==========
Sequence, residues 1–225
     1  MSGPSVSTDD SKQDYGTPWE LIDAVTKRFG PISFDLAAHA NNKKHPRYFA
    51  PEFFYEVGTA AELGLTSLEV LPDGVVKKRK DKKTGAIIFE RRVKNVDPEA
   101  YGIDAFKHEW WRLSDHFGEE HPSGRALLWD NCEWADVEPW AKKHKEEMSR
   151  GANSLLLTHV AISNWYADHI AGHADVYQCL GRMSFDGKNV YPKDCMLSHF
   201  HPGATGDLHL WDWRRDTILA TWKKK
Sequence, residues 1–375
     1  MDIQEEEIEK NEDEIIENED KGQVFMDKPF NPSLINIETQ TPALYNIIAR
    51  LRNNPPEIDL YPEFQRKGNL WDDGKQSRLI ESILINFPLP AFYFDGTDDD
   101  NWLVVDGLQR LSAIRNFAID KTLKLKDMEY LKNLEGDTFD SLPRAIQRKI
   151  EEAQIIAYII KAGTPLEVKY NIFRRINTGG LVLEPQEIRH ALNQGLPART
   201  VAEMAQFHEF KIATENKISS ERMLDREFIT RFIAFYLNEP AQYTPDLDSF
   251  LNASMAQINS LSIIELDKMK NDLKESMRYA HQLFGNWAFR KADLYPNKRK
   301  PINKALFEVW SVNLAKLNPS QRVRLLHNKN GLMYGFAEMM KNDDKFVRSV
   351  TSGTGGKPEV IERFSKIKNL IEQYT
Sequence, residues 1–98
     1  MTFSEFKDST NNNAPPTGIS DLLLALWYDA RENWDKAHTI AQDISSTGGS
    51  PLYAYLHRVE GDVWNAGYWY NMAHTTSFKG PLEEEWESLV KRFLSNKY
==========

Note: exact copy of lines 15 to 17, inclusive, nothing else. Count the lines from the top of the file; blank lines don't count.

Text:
   351  TSGTGGKPEV IERFSKIKNL IEQYT
Sequence, residues 1–98
     1  MTFSEFKDST NNNAPPTGIS DLLLALWYDA RENWDKAHTI AQDISSTGGS